The young Puma will be on-exhibit daily from 9 am until approximately 1 pm. He will rotate exhibit time with Sequim.

Puma is a genus in Felidae (Felis concolor). Probably due to their wide range across North and South America, Pumas have multiple names they are known by, including Cougar and Mountain Lion.

Pumas can run up to 43 mph, jump more than 20 feet from standing, and leap up to 16 feet straight up.

Although they can make a wide range of cat noises (hisses, growls, purrs), Pumas cannot roar. Instead, they are known for their distinctive “scream-like” calls during mating, but are often extremely stealthy and go unheard.

Although they have been pushed into smaller habitats by human settlement expansion, members of this genus have been formally classified as “Least Concern” by the IUCN. Their success in the wild, thus far, is due to their adaptation to changing habitat conditions.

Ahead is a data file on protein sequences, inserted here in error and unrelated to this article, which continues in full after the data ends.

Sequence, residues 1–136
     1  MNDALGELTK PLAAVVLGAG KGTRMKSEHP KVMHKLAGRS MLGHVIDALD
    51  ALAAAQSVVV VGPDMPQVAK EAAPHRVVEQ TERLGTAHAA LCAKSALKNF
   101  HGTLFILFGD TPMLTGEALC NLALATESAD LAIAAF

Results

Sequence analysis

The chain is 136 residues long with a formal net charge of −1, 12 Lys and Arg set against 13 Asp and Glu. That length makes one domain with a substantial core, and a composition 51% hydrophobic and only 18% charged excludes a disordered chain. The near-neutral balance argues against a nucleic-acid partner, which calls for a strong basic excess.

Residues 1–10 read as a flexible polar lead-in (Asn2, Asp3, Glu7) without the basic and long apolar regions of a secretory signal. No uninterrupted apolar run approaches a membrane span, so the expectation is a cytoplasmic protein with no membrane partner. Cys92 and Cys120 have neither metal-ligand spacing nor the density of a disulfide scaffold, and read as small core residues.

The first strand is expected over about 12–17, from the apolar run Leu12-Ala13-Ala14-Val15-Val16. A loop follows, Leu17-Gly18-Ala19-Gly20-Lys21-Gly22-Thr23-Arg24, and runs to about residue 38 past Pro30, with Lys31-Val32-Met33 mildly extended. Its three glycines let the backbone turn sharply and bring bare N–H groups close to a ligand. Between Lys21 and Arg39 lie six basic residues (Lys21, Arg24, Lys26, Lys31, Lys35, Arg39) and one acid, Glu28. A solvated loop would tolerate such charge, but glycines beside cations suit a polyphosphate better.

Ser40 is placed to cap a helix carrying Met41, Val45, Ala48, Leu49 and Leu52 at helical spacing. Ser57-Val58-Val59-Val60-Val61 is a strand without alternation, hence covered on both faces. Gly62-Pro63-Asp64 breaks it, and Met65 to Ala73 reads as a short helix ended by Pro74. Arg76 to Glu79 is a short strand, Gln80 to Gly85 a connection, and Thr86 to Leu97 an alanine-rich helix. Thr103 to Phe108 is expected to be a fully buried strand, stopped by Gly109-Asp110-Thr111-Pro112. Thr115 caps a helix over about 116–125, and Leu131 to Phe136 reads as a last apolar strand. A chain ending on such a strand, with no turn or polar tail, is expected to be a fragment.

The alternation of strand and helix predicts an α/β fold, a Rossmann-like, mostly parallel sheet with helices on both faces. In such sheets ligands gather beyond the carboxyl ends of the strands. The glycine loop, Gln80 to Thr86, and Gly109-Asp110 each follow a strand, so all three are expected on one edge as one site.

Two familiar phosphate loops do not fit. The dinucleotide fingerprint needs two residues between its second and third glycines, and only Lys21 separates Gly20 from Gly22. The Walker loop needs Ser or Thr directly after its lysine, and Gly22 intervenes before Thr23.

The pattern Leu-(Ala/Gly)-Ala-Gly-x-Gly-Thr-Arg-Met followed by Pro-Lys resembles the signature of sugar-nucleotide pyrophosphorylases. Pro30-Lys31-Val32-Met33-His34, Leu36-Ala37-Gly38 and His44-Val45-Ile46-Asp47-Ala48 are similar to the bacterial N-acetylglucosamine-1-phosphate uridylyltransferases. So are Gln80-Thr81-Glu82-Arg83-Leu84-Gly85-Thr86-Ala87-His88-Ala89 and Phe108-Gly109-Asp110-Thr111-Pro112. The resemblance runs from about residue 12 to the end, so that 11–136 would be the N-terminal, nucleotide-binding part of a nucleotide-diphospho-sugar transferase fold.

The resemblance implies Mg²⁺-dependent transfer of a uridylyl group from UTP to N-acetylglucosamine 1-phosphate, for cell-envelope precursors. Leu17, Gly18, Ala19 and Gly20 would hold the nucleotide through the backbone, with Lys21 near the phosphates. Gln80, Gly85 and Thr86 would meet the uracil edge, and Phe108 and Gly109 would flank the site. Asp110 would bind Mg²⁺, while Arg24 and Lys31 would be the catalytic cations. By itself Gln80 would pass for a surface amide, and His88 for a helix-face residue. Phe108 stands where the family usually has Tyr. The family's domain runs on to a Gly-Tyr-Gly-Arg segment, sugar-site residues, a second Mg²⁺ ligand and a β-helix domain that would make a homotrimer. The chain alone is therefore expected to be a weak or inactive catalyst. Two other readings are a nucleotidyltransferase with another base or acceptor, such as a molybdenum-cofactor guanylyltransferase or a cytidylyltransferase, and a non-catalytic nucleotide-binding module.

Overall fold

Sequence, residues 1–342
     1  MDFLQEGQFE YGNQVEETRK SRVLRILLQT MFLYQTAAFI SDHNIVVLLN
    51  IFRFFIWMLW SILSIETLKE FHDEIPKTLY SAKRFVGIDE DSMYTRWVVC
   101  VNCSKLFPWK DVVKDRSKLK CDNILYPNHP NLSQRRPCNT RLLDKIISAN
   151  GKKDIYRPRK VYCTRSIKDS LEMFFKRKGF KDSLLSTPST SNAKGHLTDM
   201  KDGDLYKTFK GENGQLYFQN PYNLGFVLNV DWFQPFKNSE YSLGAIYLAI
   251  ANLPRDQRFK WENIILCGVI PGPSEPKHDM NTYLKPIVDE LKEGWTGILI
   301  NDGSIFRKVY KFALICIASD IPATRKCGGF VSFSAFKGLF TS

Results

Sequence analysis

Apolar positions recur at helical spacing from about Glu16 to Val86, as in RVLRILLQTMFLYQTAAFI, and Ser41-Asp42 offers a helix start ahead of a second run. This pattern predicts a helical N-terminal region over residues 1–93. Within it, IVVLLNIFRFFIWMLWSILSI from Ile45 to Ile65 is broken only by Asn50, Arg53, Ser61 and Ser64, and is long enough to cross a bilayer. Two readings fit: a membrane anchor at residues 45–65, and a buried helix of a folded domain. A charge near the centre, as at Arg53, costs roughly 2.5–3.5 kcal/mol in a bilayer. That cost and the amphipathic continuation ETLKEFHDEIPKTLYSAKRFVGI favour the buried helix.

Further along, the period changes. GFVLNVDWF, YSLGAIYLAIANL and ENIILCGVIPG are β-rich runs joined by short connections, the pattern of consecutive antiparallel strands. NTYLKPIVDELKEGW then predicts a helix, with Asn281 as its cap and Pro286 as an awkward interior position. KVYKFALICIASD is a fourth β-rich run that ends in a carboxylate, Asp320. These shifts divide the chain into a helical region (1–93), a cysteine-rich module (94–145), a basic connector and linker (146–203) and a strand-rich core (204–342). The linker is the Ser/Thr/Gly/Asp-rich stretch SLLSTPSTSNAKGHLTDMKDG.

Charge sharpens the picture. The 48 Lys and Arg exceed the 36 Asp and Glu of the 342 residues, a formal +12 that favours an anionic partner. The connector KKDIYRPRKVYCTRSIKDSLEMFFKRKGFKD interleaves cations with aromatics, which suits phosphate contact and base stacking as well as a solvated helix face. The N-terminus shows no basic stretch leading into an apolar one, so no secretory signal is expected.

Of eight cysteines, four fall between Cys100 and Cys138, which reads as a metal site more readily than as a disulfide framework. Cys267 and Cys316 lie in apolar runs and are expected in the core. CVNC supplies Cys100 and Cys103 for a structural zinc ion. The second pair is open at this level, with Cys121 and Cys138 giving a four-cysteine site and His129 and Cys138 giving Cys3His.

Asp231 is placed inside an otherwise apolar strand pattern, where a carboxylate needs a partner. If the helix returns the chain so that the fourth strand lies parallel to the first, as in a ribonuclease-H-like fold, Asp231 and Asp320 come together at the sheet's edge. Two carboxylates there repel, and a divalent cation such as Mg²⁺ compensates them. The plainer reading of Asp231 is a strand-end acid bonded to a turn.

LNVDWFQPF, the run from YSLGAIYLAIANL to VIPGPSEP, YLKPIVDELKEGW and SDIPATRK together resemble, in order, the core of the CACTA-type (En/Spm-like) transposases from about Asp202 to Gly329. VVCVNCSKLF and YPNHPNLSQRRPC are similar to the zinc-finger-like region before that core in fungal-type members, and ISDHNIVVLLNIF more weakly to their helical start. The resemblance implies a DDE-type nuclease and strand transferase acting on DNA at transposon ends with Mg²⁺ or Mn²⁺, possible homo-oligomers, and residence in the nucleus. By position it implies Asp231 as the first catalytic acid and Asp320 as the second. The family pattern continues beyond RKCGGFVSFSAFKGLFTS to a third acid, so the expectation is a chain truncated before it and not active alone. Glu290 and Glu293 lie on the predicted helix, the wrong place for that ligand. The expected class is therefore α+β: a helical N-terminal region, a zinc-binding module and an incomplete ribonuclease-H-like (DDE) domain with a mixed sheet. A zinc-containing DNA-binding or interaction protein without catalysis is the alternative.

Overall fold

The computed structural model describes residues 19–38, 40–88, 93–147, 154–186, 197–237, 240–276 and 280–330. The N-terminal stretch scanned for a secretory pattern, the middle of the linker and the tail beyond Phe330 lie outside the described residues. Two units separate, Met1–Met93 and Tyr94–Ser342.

Oregon Zoo Fosters Orphaned Cougar Cub

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A tiny, orphaned Cougar cub has briefly taken up residence behind the scenes at the Oregon Zoo’s veterinary medical center.

The cub, described as “loud and rambunctious” by zoo vet staff, was recently rescued by Washington Department of Fish and Wildlife officers, after a landslide separated the young Cougar from its mother. After a short stopover in Portland, the cub will be headed to a new permanent home at the Minnesota Zoo.

“It was the victim of a landslide that occurred on Sunday [April 23] in Pend Oreille County,” said Rich Beausoleil, WDFW Bear and Cougar specialist. “A member of the public found it the day after in the mud and called WDFW.”